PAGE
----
This project’s intent is to provide a basis for understanding the relationships mined quarries have with urban development. Within this past century the South Florida region has been a primal source for valuable limerock, which is utilized for many basic necessities required for urban infrastructure. This project carries the capabilities of reclaiming degraded segments of quarried land while simultaneously educating visitors on the necessities and processes of mining this valuable resource.The area known as the “Lake Belt Region” in South Florida appears as a series of immense pools clearly visible from satellite imagery. This region currently serves as a barrier to one of our world’s most diverse ecosystems, the Everglades, from an encroaching Urban Development Boundary line. With these quarries currently proclaiming themselves a safeguard from further development, the scars left behind from wounds inflicted by our very own demands are revealed. These inherent qualities of a scar are what I intend to expose and reassess with this design. Considering the significance of the site’s existing scars, it possesses no memoir of a healing process. The intensions for this project is to create fresh wounds by carving at the sites existing scars and to provide infrastructure for an environmental populace. These fresh wounds will possess the innate qualities necessary to support the basic demands and functions of a pre-existing environmental condition, which will further assist with the sites therapeutic process of forming new scars.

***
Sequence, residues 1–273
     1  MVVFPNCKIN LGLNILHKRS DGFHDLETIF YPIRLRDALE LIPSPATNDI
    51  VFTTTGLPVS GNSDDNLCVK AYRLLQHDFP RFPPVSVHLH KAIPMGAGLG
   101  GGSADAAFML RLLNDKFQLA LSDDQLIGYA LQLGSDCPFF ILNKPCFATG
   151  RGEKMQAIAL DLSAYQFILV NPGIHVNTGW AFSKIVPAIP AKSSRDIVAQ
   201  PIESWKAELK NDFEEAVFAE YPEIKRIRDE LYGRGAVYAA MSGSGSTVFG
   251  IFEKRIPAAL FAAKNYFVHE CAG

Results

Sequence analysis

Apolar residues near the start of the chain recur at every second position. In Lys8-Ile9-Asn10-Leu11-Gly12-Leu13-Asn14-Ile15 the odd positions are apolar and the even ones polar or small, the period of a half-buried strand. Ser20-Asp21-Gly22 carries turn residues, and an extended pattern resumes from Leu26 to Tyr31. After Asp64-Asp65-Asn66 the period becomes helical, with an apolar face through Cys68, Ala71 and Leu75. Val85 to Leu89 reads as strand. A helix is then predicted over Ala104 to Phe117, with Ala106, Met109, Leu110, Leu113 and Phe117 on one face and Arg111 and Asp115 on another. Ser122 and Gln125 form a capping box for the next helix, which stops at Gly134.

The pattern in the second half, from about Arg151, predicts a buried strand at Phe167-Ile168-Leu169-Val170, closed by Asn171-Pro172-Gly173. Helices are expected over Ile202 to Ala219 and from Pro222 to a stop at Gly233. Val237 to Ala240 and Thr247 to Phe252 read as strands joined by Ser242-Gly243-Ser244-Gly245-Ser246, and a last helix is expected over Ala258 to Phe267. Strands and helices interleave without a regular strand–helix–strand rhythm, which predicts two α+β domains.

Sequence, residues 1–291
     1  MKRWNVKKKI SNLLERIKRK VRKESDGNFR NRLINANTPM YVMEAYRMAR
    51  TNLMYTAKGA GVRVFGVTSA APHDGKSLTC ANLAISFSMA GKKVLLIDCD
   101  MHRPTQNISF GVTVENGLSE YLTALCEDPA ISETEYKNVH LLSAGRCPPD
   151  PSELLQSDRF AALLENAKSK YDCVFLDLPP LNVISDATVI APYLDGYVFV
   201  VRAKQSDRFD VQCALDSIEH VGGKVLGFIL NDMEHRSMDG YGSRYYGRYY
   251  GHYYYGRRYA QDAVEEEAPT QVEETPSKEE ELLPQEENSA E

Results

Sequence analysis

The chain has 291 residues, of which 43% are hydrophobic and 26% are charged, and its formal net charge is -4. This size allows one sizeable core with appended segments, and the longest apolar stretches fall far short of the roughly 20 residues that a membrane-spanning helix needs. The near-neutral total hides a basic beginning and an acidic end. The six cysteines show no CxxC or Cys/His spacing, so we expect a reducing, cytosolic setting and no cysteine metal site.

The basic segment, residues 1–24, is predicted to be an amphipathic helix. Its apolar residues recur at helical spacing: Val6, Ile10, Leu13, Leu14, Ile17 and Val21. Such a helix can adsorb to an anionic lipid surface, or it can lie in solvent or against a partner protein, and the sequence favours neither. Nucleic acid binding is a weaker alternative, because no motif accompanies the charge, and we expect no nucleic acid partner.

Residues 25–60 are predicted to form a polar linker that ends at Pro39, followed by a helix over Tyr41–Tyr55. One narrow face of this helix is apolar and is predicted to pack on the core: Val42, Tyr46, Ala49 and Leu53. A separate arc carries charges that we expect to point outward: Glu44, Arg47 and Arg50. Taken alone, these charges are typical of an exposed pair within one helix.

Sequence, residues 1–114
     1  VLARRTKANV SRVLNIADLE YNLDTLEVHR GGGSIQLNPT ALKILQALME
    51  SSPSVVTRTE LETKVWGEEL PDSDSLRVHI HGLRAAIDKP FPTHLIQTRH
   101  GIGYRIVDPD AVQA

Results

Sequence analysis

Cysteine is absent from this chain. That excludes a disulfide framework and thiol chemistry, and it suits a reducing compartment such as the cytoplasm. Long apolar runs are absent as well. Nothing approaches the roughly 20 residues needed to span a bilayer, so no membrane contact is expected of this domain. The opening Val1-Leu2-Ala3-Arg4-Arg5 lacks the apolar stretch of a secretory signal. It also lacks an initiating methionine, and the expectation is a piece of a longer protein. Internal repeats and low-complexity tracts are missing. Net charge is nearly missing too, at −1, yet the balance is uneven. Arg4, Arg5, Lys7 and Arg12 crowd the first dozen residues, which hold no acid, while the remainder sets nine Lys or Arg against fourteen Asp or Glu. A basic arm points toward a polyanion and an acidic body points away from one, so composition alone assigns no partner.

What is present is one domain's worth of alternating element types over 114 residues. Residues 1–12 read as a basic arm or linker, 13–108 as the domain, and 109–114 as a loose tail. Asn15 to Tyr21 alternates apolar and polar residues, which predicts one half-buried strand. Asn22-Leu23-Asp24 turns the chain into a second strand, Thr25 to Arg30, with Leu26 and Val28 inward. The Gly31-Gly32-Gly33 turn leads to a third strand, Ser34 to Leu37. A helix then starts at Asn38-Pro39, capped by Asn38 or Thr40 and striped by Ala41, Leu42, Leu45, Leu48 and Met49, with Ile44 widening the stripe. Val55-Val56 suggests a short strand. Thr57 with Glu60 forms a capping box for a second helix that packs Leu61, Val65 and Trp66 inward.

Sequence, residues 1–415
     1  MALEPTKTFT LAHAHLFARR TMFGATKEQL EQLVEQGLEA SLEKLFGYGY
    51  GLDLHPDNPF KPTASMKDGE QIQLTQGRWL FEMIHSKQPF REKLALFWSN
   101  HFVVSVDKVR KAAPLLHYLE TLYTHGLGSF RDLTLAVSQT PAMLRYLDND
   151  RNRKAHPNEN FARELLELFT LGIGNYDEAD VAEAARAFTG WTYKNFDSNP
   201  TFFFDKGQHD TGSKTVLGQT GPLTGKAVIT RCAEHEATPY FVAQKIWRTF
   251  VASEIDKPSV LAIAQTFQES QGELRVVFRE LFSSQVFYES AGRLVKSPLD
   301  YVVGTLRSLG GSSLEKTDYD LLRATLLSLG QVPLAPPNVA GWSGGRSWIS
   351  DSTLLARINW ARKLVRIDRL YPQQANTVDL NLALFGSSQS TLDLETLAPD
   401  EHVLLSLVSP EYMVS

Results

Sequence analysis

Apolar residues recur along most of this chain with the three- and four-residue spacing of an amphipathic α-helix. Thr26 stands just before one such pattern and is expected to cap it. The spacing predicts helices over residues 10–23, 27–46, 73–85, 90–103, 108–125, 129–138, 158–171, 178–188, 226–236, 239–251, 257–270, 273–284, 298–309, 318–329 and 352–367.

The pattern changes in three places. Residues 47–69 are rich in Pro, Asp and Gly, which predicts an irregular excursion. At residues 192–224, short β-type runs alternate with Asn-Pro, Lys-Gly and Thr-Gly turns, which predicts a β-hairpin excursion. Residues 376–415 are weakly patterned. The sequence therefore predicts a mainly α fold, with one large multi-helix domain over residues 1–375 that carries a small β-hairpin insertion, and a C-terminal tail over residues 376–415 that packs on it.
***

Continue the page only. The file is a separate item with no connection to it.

For over a century this region has been degraded from its natural ecological function. Urban sprawl along with the ever-present migrating populace solidified the mining industry’s significance while neglecting to adhere to the consequences a degraded portion of the everglades can have on natural systems. Today, the Lake Belt consists of numerous mining outfits that have devoid the natural landscape of its rich biodiversity by dramatically altering its physical condition. A landscape which otherwise demands water depths of 1’ to 3’ to allow native habitats to prosper, now encompasses a series of quarried lakes occupying an area that is approximately 56 square miles, with depths ranging up to 80’.